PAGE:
By Katherine Bielawa Stamper
Laili disguised herself as a boy to attend school. Cutting her hair and donning pants was the price paid to study the math, science and literature the Taliban would have denied her. That was 13 years ago, one year before the 2001 U.S.-led invasion of Afghanistan. The Taliban have been displaced. Afghanistan remains politically unstable. Where is Laili today, I wonder?
Malala is a 15-year-old Pakistani student and activist. She is the daughter of the poet and educator Ziauddin Yousafzai. Malala began writing a blog in 2009 detailing the impact of Taliban encroachment into the Swat Valley where her family resided. Public executions became commonplace. Television was banned. The Taliban issued a decree banning education for girls. Although the ban was eventually lifted, she continued her activism, seeking parity among girls and boys.
Malala was shot by a Taliban fighter on Oct. 9 in Mingora while returning home from school. Transported to England to receive life-saving medical treatment, she remains there where she continues rehabilitation and prepares for cranial reconstructive surgery. Has Malala been silenced?
Badri Nath Singh mourns his daughter, a 23-year-old physiotherapy student who was beaten and gang-raped on a bus in New Delhi, India in December. She succumbed to her injuries.
Singh left his small village of Medawara Kalan, intentionally moving his family to New Delhi, where he felt his children would have more opportunity. Singh is employed as a baggage handler at Indira Gandhi International Airport. He worked double shifts and sold his family’s ancestral lands to pay for his daughter’s education. Singh’s daughter—whose name, as a rape victim, was withheld—wanted to become a doctor, but settled on physiotherapy to ease the family’s financial burden. Her teenaged brothers also had dreams of pursuing university studies. She planned to help pay for her siblings’ educations once she began earning a salary. Her dream was crushed by a brutish gang of men who brutalized her without mercy.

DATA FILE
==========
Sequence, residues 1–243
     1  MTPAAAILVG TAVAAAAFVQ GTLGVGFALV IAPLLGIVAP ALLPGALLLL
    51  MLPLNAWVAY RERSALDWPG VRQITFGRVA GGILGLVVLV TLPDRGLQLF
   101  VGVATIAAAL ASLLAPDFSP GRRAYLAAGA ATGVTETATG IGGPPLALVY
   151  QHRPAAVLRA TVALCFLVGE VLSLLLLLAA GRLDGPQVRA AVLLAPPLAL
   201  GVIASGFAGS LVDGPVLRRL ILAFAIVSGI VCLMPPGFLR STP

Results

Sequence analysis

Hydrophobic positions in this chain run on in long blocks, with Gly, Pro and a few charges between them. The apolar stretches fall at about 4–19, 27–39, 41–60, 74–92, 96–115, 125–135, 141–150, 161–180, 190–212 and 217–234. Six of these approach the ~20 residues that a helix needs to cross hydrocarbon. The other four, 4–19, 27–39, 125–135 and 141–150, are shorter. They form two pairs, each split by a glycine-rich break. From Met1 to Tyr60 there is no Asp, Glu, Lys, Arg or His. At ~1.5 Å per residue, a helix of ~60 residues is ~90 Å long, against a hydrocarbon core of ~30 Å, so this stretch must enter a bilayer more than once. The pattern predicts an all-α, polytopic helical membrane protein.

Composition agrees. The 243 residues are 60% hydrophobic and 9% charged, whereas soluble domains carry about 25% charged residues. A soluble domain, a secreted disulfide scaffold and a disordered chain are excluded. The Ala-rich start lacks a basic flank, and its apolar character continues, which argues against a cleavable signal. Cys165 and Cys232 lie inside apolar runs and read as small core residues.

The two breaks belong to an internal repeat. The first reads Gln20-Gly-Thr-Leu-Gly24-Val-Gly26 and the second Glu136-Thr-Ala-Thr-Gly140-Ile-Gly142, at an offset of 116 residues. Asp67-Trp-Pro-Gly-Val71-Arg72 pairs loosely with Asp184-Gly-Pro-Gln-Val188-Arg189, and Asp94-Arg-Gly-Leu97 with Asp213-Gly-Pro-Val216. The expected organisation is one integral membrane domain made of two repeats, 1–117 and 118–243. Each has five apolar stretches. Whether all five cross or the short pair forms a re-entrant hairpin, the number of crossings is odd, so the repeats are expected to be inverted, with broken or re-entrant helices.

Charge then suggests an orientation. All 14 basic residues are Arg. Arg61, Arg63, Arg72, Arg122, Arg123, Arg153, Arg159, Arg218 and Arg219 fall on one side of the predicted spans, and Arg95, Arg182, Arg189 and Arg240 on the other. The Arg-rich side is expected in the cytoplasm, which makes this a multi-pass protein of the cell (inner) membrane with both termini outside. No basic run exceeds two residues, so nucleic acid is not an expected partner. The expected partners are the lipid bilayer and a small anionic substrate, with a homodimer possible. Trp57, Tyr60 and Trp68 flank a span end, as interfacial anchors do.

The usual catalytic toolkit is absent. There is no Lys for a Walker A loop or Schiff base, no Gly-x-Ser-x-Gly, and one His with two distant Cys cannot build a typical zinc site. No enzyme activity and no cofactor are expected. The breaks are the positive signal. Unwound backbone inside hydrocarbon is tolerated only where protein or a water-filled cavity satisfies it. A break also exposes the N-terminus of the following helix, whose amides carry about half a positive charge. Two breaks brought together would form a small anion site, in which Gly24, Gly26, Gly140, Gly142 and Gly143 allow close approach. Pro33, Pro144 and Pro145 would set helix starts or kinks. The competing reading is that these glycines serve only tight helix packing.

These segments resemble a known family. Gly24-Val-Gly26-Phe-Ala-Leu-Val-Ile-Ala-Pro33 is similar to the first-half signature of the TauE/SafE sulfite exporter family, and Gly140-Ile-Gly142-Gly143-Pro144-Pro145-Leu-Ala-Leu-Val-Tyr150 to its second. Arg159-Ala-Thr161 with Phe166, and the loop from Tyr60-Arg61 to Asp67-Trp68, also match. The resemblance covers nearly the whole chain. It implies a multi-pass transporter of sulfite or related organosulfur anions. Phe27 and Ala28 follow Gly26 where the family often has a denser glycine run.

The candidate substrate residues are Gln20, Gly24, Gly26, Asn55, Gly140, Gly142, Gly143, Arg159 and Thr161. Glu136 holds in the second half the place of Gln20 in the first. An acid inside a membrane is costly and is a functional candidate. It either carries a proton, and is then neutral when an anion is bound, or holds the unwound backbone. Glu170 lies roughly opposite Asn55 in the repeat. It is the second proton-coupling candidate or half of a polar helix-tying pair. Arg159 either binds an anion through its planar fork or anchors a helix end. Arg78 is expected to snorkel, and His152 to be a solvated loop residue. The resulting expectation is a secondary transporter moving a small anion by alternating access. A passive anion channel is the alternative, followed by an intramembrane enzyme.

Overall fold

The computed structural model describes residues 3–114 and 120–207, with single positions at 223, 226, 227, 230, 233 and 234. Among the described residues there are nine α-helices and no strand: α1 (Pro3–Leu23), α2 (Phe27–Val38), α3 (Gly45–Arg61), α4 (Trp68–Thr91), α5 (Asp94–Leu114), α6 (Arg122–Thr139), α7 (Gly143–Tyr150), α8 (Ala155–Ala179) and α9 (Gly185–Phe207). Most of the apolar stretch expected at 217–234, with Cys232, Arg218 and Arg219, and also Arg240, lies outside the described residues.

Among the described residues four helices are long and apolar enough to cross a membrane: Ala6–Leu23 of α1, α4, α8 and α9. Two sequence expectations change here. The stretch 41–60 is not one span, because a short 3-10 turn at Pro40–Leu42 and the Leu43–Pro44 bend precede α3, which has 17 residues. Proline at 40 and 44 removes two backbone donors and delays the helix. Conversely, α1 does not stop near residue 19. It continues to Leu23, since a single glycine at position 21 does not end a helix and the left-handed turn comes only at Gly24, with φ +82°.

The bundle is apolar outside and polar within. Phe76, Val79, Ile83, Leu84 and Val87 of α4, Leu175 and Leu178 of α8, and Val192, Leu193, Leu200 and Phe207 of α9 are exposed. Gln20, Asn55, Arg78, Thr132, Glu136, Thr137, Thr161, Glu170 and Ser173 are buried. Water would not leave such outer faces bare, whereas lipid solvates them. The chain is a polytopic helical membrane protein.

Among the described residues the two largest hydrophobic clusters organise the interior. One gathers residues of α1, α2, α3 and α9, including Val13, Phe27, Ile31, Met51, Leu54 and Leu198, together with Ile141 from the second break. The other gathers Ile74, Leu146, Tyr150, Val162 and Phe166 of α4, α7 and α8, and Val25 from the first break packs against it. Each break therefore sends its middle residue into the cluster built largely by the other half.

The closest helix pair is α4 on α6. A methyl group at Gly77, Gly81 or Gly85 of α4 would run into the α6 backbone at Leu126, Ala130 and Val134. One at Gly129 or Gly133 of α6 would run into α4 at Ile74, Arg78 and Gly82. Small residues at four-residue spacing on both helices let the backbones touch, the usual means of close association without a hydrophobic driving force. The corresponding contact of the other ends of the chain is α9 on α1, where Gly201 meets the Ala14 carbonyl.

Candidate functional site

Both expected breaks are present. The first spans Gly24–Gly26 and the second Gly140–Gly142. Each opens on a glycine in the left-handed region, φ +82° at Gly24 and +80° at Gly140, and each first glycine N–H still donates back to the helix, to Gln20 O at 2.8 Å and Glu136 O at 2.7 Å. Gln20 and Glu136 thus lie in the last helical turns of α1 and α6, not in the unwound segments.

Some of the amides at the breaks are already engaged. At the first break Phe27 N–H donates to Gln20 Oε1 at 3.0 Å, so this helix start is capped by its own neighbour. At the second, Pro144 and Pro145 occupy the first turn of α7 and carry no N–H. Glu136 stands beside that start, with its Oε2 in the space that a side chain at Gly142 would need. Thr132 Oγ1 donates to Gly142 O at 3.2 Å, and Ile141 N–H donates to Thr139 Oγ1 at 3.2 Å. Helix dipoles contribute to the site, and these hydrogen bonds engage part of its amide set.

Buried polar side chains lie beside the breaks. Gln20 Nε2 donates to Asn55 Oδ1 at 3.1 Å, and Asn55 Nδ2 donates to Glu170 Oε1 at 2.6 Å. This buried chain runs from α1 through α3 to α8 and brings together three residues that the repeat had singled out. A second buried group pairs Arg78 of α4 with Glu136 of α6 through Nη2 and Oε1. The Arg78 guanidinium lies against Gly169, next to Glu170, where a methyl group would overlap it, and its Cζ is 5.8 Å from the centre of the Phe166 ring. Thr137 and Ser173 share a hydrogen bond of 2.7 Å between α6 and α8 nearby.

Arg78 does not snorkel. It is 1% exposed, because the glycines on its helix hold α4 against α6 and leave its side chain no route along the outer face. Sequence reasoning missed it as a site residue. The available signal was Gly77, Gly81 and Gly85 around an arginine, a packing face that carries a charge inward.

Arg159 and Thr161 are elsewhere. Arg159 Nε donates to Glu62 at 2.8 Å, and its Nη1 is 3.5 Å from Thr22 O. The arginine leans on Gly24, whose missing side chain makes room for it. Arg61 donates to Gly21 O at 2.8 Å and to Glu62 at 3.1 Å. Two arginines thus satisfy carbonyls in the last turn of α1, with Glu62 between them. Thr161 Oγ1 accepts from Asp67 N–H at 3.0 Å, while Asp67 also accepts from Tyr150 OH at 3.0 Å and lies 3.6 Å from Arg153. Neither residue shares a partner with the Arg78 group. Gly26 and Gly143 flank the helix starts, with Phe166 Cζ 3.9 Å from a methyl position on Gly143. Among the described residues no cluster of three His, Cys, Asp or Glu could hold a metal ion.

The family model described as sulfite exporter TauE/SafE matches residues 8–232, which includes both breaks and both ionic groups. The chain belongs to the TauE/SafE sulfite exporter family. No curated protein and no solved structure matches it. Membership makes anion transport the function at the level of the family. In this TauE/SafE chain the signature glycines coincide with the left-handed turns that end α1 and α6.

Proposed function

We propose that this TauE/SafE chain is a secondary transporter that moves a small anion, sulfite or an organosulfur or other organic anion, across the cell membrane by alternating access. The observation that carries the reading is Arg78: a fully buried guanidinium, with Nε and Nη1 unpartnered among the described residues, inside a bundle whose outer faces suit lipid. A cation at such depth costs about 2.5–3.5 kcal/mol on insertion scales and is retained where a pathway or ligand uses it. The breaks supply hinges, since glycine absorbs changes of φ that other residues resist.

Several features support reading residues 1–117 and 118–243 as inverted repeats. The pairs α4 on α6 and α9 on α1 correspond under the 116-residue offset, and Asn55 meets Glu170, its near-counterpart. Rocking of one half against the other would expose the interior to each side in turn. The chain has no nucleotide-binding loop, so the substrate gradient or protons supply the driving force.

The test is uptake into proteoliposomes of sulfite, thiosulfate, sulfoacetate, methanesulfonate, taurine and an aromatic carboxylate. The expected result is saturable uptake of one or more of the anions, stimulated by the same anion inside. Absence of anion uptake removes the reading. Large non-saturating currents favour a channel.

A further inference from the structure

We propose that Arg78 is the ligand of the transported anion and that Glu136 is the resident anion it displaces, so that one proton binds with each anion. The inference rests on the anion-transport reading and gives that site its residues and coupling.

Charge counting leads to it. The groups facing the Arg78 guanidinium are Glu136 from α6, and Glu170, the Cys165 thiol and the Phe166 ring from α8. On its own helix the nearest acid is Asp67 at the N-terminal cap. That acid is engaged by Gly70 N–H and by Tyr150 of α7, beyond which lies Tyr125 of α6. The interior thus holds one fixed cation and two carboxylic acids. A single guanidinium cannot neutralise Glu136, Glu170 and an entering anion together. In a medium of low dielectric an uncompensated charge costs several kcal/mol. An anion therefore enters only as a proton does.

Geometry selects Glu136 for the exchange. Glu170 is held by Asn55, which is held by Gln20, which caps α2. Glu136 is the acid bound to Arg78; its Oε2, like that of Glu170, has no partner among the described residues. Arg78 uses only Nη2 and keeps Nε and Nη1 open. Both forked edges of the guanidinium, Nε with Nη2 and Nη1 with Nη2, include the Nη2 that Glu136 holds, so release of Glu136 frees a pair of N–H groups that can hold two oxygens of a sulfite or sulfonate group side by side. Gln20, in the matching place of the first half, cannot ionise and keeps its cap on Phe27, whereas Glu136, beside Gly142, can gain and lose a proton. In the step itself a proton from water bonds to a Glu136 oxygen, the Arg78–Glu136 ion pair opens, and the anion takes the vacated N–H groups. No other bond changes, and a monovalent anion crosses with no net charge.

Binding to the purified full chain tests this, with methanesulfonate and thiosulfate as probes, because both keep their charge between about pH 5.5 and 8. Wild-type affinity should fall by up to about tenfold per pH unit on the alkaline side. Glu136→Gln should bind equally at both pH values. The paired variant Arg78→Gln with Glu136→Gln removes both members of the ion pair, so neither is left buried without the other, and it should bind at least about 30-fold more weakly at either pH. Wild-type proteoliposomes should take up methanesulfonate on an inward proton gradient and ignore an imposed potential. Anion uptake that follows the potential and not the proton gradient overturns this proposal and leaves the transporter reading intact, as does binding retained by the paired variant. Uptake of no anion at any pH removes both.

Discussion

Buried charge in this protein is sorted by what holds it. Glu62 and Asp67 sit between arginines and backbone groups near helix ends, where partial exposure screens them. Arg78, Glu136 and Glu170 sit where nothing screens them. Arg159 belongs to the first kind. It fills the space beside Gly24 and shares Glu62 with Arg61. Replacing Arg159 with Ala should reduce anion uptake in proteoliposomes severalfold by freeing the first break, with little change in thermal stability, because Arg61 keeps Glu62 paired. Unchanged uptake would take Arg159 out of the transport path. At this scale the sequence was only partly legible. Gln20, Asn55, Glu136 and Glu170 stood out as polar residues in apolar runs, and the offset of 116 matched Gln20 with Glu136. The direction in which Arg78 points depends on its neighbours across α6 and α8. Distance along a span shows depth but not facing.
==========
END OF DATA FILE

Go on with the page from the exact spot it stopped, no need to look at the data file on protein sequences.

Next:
What do Laila, Malala and Singh’s daughter have in common? In my view, they’ve all experienced the devastating effects of misogyny.
Misogyny is not a pretty word. Misogyny is defined as the hatred of or dislike of women and girls. Misogyny may take the form of violence against, the objectification of, harassment of, denigration of or discrimination against women.
I didn’t learn the word until college. The concept never entered the conversation at my family’s dinner table, at church or in my high school classrooms. My teenaged girlfriends and I never talked about it. Once I learned the definition, I immediately wondered why a similar word didn’t exist for males. What does that say about us as a species?
Much of my career has been spent working or volunteering with women who were survivors of domestic violence or victims of sexual harassment. It can be difficult to witness the physical and emotional fallout. Herculean efforts are required to exorcise the demons of abuse.
We do discuss difficult issues at our dinner table. The world is a wonderful and welcoming place, a place our children should be encouraged to venture out into and explore. It is also a place for which they should be armed—with information and awareness—to pursue their explorations with a measure of guardedness. Sadly, this is especially true for our daughters.
We must trust ourselves to listen to “that little voice inside.” It is, after all, the voice of safety.
Bearak, Barry. “Afghanistan Girls Fight to Read and Write.” New York Times, 3 March 2000
Timmons, Heather, and Hari Kumar. “For India Rape Victim’s Family, Many Layers of Loss.” New York Times. 12 January 2013